3. MARCELLERIA on 48 Gansevoort Street.
What’s Special About It? Marcelleria is a cross between old Italian and old American as evidenced by the rather modern looking white “bull” hanging from the wall. It is also set on a cobble stone street and has outdoor seating when the weather warrants an outside dining experience.
What to try? I’m a fan of oysters so can’t resist pointing you to the blue point, long island oysters however they’re $3.00 each and when a dozen is easy for you and you want to try many more things, it adds up.
Also picture this: Prosciutto di Parma with mozzarella di bufala together with a crostini peperoncini or you can opt for the Chicken Liver crostini if you want to try something different. Sure, they have great pastas but there are other places with better offerings here. Ambience, meat, baked eggplant and their oxtail ragu will take you further.
For starters try their spring green pea soup with zucchini, fresh mint and ricotta and then for something a little heftier, go for the tuscan sausage served with cannellini beans. Lastly, since its an unusual dish even though I didn’t try this, check out the straw & hay tagliolini served with peas & prosciutto.
4. MALAESTA TRATTORIA on 649 Washington Street between Christopher St & 10th Street in the West Village.
What’s Special About It? Malaestra is about as authentic as it gets for a place located in an area which has become more commercialized and draws tourists as well as locals alike. The food is genuine though and created “with love” despite the fact that their sizes are not monstrous. That said, the prices are incredible, particularly for New York….a $12 ravioli is pretty hard to beat. Casual elegance meets rustic and authentic all at good prices. (note: they only take cash)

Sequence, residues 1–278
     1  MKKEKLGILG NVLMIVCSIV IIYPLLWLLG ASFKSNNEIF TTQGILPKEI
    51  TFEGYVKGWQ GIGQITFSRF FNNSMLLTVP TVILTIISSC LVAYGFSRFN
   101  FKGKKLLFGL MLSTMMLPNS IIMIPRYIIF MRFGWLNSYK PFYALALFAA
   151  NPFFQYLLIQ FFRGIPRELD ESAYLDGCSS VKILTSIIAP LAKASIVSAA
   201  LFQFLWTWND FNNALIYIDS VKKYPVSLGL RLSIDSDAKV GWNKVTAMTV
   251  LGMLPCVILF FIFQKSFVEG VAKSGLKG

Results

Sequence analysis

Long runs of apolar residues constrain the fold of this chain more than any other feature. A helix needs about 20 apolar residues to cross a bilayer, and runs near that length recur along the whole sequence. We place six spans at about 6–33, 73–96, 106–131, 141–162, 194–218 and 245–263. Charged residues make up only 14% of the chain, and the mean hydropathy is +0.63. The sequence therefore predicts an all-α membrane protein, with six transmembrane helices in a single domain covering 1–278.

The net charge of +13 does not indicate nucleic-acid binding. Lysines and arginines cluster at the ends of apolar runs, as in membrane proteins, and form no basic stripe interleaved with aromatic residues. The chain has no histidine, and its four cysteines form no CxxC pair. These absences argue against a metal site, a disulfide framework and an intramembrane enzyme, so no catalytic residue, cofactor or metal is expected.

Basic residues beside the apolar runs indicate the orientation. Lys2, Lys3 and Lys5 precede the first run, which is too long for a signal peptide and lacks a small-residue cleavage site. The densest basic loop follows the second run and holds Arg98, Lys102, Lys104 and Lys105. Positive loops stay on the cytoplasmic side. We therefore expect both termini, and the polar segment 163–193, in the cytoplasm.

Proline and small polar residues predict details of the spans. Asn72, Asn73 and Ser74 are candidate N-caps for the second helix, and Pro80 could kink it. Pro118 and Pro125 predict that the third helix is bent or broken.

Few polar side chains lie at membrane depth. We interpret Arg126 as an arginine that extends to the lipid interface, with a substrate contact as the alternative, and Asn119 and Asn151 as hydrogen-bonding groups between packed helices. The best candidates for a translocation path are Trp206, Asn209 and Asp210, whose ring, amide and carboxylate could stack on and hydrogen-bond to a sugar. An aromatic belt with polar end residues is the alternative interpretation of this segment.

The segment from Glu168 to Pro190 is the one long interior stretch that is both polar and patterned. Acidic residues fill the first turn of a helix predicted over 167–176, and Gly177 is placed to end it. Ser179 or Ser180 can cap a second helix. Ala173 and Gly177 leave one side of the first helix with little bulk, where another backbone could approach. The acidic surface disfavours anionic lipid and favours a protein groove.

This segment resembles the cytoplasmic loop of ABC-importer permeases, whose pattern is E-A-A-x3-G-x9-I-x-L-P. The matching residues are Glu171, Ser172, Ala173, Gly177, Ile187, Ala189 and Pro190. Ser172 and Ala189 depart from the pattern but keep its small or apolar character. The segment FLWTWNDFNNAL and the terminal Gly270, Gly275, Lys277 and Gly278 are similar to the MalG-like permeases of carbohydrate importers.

What To Try? They have excellent Spinach Gnocci, fresh Bruschetta, and delicious Tagliata Al Casale (Steak) and the Costoletta Di Agnello (Lamb Chop). That said, I’d go for pasta here as it’s homemade and fresh….and you can tell.
5. MAX RESTAURANT has locations in both the East Village and Tribeca. (it was recommended to me by an Albanian friend of mine who lives in the city). Locations: 51 Avenue B between 3rd and Fourth and 181 Duane Street between Greenwich and Hudson.
What’s Special About It? Max is quaint, small, disorganized in that charming kind of way with authentic tables, outdoor seating (very basic, but great if you’re trying to get away from classic large restaurants with cold air conditioning systems).
What To Try? Remember that this place was referred to me by an Albanian friend who still gets to eat the best of his mother’s cooking, so the food had better be not just good but homemade. Try their Rigatoni Alla Siciliana as well as their Ragatoni with eggplant, tomato sauce and mozzarella. Sometimes basic is the way to go, especially when the ingredients are fresh.
Their Gnocchi Alla Sorrentina and the very traditional Rigatoni served with beef meatballs and sweet Italian sausage is a delight. Most of these dishes are in the $12.95 to $15.95 price range too, so all affordable. They have a porcini ravioli with truffle cream sauce as well if you wan to try something a little richer. If you want to try something other than pasta, go for their Salmone alla Griglia, which is served with a caper sauce, spinach & mashed potatoes. Comfort food? Try mom’s meat loaf with potato pancetta gratin or the breaded chicken cutlet topped with fresh tomatoes and arugola. For dessert, try their homemade tarimasu.